The inaugural High Note Music Prize will honor a major recording artist in recognition of the promotion of human rights through music.
BILLBOARD / NEW YORK (12.7.2017) by
The United Nations High Commissioner for Human Rights will award the inaugural High Note Music Prize next year to a major recording artist in recognition of outstanding contributions to humanity and the promotion of human rights through music.
The High Note Music Prize selection committee, which is in the process of being assembled, will work with the Office of the High Commissioner for Human Rights to select an international artist who has promoted human rights for at least a decade, a spokeswoman tells Billboard.
The annual award will be presented in fall 2018 during the High Note Honors Concert in London. Proceeds from the concert and its worldwide broadcast will benefit the UN Office of the High Commissioner for Human Rights, the Grammy Museum and the prize winner’s social justice charity of choice.
The High Note Music Prize is part of the High Note Project, a new global social justice initiative launched by philanthropic producer David Clark. Clark previously collaborated with Nelson Mandela on the 46664 series of charity concerts in support of HIV/AIDS, featuring performances by the likes of Bono, Beyoncé, Queenand The Eurythmics.
Clark is an executive producer of the project as is Chantel Sausedo, whose other credits include producing the Grammy Awards for TV, the Laureus World Sports Awards and In Performance At The White House specials.
Stuart Galbraith, CEO and founder of Kilimanjaro Live — the U.K. promoter behind heavy metal festival Sonisphere and the U.K. and European legs of the Vans Warped Tour — will be co-producing the Honors Concert in London. “We’re both pleased and proud to have been selected as the promoter of the High Note Honors Concert, which will be a significant global event for music and the artists of our time that are passionate about making a difference in the lives of others,” Galbraith said in a statement.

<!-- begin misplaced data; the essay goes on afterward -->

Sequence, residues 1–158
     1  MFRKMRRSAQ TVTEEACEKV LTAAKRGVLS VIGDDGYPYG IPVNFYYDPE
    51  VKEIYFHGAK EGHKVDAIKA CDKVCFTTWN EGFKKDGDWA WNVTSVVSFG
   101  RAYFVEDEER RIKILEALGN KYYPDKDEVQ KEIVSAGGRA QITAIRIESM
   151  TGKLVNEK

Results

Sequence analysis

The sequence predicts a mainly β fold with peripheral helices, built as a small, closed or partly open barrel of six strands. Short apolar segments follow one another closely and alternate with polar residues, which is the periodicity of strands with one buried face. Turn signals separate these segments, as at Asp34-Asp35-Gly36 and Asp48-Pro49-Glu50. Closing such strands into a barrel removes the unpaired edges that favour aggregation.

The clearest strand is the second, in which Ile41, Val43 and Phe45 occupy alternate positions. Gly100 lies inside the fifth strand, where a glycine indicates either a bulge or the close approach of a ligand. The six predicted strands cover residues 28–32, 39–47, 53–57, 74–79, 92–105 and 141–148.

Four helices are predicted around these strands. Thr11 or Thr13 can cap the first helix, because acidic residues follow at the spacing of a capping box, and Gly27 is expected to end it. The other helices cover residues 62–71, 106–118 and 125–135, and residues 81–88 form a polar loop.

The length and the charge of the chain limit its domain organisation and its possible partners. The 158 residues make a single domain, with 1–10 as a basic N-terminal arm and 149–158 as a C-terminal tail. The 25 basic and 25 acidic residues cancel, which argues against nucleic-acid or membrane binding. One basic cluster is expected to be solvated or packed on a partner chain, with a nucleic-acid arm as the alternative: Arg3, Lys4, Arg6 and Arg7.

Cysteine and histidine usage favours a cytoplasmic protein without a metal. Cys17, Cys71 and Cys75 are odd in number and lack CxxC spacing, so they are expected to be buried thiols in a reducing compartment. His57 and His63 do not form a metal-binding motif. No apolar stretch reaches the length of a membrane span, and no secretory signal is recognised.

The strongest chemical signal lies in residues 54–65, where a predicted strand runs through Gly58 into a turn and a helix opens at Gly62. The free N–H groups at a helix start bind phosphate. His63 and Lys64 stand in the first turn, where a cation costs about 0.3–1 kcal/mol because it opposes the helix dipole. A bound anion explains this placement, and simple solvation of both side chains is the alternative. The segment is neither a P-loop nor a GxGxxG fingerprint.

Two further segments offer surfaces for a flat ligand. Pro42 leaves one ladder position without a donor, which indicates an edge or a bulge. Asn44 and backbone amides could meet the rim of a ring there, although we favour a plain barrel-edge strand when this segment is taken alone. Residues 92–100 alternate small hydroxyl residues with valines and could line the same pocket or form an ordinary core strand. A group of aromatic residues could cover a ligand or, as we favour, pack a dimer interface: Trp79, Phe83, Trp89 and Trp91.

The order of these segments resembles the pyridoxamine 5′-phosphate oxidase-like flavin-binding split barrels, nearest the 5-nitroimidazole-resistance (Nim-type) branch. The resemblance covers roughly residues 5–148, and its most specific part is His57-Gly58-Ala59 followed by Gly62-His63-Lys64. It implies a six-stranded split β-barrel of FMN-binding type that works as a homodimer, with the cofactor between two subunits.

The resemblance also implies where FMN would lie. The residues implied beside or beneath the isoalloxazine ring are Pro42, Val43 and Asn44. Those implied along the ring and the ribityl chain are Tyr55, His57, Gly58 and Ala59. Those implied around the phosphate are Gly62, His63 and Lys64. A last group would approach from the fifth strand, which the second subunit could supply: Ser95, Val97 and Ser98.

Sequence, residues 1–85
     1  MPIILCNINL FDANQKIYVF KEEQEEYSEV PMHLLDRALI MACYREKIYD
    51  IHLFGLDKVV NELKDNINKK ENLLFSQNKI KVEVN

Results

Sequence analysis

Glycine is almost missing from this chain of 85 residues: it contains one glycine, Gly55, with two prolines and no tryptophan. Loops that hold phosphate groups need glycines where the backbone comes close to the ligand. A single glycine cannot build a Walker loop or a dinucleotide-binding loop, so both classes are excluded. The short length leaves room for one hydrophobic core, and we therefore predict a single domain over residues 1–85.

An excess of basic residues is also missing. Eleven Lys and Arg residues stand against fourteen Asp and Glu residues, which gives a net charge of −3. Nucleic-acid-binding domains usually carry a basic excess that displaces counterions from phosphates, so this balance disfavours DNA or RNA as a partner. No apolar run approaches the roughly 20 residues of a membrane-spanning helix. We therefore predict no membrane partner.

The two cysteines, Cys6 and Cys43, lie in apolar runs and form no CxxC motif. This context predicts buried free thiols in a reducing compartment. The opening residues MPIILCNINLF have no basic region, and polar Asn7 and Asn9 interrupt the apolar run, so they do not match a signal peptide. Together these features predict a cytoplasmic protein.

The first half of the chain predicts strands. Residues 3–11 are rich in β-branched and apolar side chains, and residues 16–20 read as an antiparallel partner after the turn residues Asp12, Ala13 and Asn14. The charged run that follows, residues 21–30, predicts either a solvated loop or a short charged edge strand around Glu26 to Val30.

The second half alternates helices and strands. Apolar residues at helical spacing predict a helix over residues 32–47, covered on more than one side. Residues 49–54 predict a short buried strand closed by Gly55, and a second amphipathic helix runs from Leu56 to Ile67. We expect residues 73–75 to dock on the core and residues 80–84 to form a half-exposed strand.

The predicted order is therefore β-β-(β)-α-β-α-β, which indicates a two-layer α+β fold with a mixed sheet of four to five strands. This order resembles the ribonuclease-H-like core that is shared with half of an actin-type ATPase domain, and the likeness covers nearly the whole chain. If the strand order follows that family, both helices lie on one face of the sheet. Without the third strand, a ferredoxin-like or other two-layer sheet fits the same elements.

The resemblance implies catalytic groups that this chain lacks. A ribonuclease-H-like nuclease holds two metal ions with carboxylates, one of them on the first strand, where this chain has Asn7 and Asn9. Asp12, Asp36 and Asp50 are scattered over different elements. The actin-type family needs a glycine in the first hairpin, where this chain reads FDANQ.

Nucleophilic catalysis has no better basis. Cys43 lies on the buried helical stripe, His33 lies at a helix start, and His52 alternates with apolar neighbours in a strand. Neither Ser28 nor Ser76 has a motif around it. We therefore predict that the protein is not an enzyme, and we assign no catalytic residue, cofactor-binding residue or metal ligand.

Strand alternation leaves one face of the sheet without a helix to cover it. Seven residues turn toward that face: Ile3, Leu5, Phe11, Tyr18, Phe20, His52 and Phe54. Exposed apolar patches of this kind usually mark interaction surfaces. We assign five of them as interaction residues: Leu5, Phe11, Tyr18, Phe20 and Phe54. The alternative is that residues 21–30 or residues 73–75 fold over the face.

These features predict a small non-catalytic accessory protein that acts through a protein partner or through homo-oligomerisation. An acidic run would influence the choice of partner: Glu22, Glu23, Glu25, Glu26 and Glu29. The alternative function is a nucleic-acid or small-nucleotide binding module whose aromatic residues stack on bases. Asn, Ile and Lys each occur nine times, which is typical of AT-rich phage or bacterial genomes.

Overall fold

During the concert broadcast, the prize winner’s selected charity will also benefit from a Cause Flash social media campaign that aims to reach over 1 billion people worldwide. Conceived by Clark, Cause Flash was the digital platform behind Water Now, a social media campaign in support of UN World Water Day in 2015 that reached over 800 million people in seven days, marking the largest such campaign in history.
The High Note Project is supported by the UN Human Rights Office, which is launching a yearlong campaign on UN Human Rights Day (Dec. 10) to commemorate the 70th anniversary of the adoption of the Universal Declaration of Human Rights in 1948.
As this anniversary approaches, “the need for people to stand up to protect human rights is more vital than ever,” Laurent Sauveur, director of external affairs for the Office of the UN High Commissioner for Human Rights, said in a statement. “Music is also a force to be reckoned with, and musicians have the power to mobilize. We are proud to help launch The High Note Project and High Note Music Prize in an effort to galvanize global awareness of the importance of human rights, and at the same time honor artists who passionately use their work to promote and protect the rights of others.”
“We commend The High Note Project and the UN Human Rights Office on their launch of The High Note Music Prize, which will place a deserved spotlight on artists using their music and platform for good,” added Scott Goldman, executive director of the Grammy Museum in Los Angeles. “Music is a powerful tool, and when used to call out injustice that power inspires goodwill in others and affects change across a broad spectrum of social issues.”
GRAMMY-nominated singer and social justice advocate Andra Day, whose song “Rise Up” became an anthem for the Black Lives Matter movement, has also voiced her support for the Project. “I admire the mission of High Note and its decision to recognize musicians for their contributions through song,” stated Day.